Breaking Barriers: Eisenhower’s Palacios making history as first-ever Aldine ISD female powerlifter
When Mia Palacios walked out to soccer practice one day, the Eisenhower junior pulled out her phone to show a video to assistant soccer coach Kevin Goodwin.
The video was of her lifting 225 pounds of weight at her local gym.
Goodwin, who coached powerlifting years ago and saw State qualifiers in his time as the Athletic Director of Center Independent School District, knows when he sees a powerlifter.
After seeing the video, Goodwin immediately walked into the school to find the powerlifting coach.
“I ran inside and told Coach [Ray] Metoyer, I’ve got you a Regional Qualifier,” Goodwin said.
Metoyer added: “I brought her in our weight room just to see what she could do. She did well.”
So, the coaches got Palacios into the weight room and started putting her through a powerlifting workout with the proper equipment and technique.
In February, Palacios entered her first powerlifting meet in Conroe. In the 123-pound weight class, the junior squatted 230 pounds, benched 95 and deadlifted 235 to take second place overall.
“It was a really good experience, especially for my first time,” Palacios, who started “playing around with weights during quarantine”, said. “I feel more comfortable now that I know what it’s like and how everything goes.”
Her total weight of 560 pounds put her fourth place overall in the region and qualified Palacios for the Regional Powerlifting meet, which is set for Tuesday at Alvin High School. If she finishes in the top two she will advance to the State Powerlifting Meet or if she hits 725 pounds.
With Palacios competing in the Conroe powerlifting meet, she made history for not only Eisenhower High School but also for Aldine ISD as the first-ever female powerlifter.
“There’s a lot of girls who have asked me about it,” Palacios said about the growing interest since she has started competing. “They say ‘hey, I didn’t know we had a team, how do we get into it?’. It’s definitely something that there’s interest in.”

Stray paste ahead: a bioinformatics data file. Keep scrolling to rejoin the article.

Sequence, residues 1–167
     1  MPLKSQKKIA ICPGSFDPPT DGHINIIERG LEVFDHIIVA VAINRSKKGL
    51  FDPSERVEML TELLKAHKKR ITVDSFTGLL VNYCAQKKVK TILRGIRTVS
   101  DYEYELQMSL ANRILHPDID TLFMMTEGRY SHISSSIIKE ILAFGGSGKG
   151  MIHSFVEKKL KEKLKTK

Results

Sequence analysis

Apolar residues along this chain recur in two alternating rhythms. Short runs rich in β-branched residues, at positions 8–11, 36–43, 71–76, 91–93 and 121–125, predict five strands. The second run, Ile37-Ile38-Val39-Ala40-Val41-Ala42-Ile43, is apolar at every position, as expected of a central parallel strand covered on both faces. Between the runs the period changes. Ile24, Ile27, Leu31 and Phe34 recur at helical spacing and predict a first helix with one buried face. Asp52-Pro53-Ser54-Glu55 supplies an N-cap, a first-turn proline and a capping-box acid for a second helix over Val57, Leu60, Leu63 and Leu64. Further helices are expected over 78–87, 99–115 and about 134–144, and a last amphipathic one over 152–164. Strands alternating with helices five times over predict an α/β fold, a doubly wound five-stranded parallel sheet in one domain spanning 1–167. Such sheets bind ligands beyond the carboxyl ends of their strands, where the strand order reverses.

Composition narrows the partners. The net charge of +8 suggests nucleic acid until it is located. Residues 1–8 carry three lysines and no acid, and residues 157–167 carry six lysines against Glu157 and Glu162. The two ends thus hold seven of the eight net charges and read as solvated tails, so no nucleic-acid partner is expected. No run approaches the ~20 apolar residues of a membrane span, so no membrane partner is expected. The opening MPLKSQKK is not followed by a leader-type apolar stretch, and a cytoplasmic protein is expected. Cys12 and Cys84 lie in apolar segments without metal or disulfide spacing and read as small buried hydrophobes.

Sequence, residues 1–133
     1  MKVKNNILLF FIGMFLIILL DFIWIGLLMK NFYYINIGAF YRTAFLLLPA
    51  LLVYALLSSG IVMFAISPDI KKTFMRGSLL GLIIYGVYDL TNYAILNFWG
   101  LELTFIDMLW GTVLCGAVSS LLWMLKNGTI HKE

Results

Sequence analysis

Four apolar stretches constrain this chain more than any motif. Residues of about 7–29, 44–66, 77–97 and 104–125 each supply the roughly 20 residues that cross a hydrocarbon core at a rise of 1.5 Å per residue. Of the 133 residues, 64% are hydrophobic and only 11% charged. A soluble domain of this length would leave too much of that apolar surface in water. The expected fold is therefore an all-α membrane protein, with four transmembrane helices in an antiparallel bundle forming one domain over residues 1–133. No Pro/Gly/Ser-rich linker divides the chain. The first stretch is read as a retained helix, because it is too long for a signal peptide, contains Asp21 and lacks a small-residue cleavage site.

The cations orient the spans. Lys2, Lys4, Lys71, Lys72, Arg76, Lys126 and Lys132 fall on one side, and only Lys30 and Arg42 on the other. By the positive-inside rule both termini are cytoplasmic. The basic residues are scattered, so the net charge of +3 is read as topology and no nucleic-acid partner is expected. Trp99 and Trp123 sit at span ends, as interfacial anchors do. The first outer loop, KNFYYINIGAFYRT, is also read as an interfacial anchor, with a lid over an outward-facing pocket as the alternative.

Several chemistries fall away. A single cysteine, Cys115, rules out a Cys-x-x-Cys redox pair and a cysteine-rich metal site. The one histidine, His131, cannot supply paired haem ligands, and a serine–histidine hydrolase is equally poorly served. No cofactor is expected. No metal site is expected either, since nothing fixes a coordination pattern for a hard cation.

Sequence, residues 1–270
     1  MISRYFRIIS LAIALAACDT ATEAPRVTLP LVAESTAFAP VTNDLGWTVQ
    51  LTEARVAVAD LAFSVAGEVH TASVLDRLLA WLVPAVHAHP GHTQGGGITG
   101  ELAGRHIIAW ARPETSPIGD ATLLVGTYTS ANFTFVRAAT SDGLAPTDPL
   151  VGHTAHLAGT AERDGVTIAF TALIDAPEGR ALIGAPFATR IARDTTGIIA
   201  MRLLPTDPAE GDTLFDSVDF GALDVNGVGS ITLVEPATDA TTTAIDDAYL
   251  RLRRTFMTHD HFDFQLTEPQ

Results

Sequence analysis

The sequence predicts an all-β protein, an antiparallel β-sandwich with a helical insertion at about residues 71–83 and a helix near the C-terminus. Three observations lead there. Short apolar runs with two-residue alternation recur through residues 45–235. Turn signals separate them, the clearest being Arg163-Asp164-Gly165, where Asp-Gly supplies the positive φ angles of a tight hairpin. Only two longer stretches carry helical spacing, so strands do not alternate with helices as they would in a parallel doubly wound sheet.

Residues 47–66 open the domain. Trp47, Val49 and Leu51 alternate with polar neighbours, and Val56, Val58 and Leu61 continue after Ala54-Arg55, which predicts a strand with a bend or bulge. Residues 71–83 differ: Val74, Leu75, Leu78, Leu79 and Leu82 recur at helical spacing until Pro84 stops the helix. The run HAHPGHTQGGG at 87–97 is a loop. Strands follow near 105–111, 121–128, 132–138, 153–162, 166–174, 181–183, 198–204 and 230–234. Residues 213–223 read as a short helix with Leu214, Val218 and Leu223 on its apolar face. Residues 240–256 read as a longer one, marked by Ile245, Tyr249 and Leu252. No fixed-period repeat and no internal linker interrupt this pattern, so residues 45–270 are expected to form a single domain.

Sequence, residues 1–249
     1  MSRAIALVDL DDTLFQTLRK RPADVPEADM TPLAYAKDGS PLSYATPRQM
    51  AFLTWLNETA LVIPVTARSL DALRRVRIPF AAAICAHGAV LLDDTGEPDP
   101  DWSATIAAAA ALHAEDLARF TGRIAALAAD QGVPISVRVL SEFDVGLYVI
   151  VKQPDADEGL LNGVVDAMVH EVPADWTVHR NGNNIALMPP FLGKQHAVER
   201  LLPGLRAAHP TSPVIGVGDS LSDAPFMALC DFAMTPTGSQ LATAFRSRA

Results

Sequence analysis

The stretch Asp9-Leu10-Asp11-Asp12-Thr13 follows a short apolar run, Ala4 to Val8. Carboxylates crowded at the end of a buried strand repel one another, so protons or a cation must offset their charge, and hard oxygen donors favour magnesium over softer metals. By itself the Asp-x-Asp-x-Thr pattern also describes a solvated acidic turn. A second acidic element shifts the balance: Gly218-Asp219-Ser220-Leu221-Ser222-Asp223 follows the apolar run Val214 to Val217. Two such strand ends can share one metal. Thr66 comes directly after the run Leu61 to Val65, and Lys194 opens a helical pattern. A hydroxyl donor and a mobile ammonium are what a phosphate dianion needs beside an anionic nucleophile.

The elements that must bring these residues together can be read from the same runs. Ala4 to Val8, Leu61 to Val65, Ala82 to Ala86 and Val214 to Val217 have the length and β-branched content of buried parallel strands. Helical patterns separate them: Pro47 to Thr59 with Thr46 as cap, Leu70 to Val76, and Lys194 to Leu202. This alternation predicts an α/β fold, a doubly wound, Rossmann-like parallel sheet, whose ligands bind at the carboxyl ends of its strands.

Aldine ISD added powerlifting just four years ago and 2022 is the third year of powerlifting in the district. But when it comes to the sport, there can be some misconceptions.
When people initially think about powerlifting, they think about big, strong, men lifting big weights. This idea can be one that scares girls away from the sport. But Palacios tells people who ask her, “just get into it, it’s fun”.
“There’s a lot of girls in powerlifting and they still have their feminine side,” Palacios said. “So, you can do both.”
Metoyer added: “She’s real good at it. I hope other girls in the district see that it is not only boys that can lift but also girls can. After they see what Mia has done and being so successful, I think it’s going to draw more girls to the sport next year.”
As Palacios – who plays soccer, powerlifts, is in the band and sits in the Top 5-percent of her 2023 graduating class at Eisenhower – walks into the weight room to get her next workout in, Goodwin continues to field more and more interest in the sport that Palacios is blazing a new path in the district.
“Since [she competed in Conroe, I’ve had at least 10 girls say to me in reference to how do I join?” Goodwin said. “It really has blown up.”
But how has Palacios, who didn't start powerlifting until two weeks ago have found so much success already?
"She works, she's a hard worker," Metoyer said. "I talked with the head soccer coach, and she said she is the same way. In the two weeks I've had her she works harder than those boys in there. That's why she's so successful. Anything she does she works hard at it, not only at athletics but also in the classroom.
"She's small in stature but her heart is bigger than she is. She's dynamite in the weight room as far as work ethic."